Whether classical Hatha Yoga, Yin Yoga, or other styles: basically, every yoga practice does the connective tissue well. The importance of these so-called fasciae is undisputed – but what exactly is Fascia Yoga, and what does it do? What are the best yoga exercises for the fascia, and do you need a fascia role for this? You can find out all that here.
What is fascia training?
Fascia is the connective tissue made of 1-3 mm thick collagen and elastin fibers that run through the entire body. The threads connect and surround muscles, tendons, and nerves. Strictly speaking, there is only one fascia – you won’t find the beginning and the end in the fascia tissue.
If we make very one-sided movements over a long period and the tissue is only rarely stretched, the fascia will stick together and harden sooner or later. Then it is high time to loosen the connective tissue again with Fascia Yoga. This combines the parts of a classic fascia training. This consists of four components:
Maybe you are wondering now why it is so important to take care of the fascia regularly. Quite simply: for your well-being!
Why loosen stuck fascia?
There are many pain receptors in the fasciae, not least in the fascial tissue of the back. It can, therefore, happen that pain impulses emanate from these receptors.
Even chronic pain can result from fascial adhesions. This is because the more the tissue is stuck together, the easier it is for nerves or muscles to become trapped.
Fasciae become stuck together when the connective tissue is not being stressed. So is it enough to do sports in any way? Not necessarily, because even very sporty people can have stuck fascia. The reason for this is merely one-sided strain and too little stretching.
So it’s important: No matter whether you run a lot, do extreme sports or sit on the sofa at home – you should pay attention to your fascia!
And that doesn’t have to be complicated with regular fascia yoga.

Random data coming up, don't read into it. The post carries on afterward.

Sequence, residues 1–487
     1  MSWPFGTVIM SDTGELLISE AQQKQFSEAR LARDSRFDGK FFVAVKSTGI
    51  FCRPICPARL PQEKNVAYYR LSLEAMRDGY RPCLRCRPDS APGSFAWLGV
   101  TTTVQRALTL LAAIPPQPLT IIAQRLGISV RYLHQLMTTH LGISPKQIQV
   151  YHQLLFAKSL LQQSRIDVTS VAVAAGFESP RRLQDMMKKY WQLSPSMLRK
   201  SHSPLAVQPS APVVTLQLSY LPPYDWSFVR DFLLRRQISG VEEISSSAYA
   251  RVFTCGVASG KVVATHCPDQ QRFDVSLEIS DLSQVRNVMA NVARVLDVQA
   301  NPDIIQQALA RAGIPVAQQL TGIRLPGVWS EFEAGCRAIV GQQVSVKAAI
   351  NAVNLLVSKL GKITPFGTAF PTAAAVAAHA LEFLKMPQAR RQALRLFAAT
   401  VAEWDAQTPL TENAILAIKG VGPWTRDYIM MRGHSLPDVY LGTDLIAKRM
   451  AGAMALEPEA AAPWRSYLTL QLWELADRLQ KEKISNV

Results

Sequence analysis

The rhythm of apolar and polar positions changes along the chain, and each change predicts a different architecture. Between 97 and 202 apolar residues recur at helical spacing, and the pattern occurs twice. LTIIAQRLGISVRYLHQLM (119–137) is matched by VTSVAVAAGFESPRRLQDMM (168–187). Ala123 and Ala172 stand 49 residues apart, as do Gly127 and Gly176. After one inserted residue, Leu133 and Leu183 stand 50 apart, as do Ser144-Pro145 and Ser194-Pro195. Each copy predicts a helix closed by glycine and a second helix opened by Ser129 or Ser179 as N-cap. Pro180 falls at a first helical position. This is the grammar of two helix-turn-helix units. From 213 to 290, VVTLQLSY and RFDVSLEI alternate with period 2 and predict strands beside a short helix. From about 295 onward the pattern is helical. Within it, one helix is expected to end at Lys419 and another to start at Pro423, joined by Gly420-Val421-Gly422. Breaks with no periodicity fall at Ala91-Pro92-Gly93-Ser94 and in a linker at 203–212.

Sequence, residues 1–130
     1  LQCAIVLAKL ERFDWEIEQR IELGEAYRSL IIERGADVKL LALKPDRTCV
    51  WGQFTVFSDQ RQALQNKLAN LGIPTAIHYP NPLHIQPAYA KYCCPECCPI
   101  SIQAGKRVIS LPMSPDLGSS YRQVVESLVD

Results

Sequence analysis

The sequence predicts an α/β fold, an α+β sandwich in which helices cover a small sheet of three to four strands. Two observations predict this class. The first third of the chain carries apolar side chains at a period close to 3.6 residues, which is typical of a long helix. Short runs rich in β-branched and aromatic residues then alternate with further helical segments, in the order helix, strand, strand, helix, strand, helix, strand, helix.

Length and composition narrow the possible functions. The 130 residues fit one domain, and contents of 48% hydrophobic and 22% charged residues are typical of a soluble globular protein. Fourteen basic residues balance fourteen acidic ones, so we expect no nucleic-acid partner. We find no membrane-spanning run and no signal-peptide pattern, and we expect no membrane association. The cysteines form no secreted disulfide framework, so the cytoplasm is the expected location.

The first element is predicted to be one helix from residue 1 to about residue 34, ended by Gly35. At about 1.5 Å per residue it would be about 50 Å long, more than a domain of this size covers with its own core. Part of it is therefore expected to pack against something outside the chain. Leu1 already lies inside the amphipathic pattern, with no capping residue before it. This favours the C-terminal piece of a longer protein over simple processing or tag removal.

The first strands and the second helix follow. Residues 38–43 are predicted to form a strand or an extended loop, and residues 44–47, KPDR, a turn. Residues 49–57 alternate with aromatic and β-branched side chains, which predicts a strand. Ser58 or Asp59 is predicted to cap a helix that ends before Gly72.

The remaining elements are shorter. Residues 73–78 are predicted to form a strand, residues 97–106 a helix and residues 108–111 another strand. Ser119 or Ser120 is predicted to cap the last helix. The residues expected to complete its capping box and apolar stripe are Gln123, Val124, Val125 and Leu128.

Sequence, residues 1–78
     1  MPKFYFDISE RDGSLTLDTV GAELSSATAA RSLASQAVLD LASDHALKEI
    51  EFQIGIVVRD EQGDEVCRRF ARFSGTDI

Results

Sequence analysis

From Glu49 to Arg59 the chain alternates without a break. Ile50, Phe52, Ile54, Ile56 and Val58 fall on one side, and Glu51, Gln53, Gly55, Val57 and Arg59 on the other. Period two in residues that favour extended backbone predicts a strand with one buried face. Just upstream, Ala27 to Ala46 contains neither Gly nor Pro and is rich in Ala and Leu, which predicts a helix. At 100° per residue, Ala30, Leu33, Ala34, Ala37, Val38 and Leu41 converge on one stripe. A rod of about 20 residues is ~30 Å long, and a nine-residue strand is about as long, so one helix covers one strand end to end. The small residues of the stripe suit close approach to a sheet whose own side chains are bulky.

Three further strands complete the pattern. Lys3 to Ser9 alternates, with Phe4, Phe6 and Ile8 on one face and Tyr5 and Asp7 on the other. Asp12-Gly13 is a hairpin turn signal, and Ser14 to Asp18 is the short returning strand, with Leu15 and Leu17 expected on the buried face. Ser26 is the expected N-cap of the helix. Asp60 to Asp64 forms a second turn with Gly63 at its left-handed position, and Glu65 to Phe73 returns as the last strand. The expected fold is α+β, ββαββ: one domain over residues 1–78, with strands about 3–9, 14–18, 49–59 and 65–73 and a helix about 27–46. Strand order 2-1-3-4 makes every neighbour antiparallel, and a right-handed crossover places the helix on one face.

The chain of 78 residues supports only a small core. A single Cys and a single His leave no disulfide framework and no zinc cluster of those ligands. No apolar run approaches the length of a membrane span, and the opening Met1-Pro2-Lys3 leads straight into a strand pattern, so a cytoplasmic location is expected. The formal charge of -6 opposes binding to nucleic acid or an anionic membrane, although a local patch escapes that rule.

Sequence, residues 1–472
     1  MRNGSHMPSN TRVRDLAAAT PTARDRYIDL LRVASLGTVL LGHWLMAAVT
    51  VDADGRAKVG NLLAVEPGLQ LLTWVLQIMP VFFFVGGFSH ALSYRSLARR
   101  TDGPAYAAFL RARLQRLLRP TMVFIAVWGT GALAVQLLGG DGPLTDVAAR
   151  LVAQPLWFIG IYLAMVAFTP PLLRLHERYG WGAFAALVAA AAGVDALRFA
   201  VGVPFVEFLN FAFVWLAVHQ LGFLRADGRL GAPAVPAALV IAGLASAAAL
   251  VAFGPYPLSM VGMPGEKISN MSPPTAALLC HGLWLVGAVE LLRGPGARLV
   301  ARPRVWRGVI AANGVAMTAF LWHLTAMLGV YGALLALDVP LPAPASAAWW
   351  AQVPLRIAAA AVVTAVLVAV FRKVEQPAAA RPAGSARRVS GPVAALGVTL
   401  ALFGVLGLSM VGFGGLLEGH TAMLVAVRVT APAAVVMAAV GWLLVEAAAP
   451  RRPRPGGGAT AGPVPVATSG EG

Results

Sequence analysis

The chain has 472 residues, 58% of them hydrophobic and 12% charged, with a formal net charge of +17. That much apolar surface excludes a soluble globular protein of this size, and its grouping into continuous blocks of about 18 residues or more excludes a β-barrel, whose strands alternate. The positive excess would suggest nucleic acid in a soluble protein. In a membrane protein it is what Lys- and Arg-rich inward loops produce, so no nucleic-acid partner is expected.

How you can stretch your fascia with Yoga
Don’t worry; if you already have practice in Yoga, you don’t have to get used to it. In Fascia Yoga, exercises from Hatha Yoga or Yin Yoga are often practiced, with the big difference that the asanas are performed more intensively or held for up to 5 minutes. By staying in one position for a long time, the fasciae are addressed and stimulated in the first place.
Fascia yoga also means that you change some movements only minimally and feel them much more intensely. The focus is on actively breathing into the parts of the body that are under noticeable stress.
In the flowing movements with stretching effect, the used tissue fluid is replaced with fresh. The fasciae can thus regenerate better and become more supple so that the connective tissue becomes more dynamic and elastic in the long term. How convenient that you can start Yoga with fascia right at home without much effort!
Fascia Yoga: exercises for beginners
There is no patent recipe for how often and how long one should do fascia yoga. After all, it always depends on how flexible and active you already are. It is suitable for the fasciae if you concentrate on them once or twice a week during Yoga. You can choose between fascial exercises with or without a role.
Fascia exercises with roll
For Fascia Yoga, a role is, of course, not a mandatory requirement. However, with the fascia roll, you can intensify individual exercises and stimulate the fascia tissue. It may be a little uncomfortable at the beginning because the fasciae are still sticky.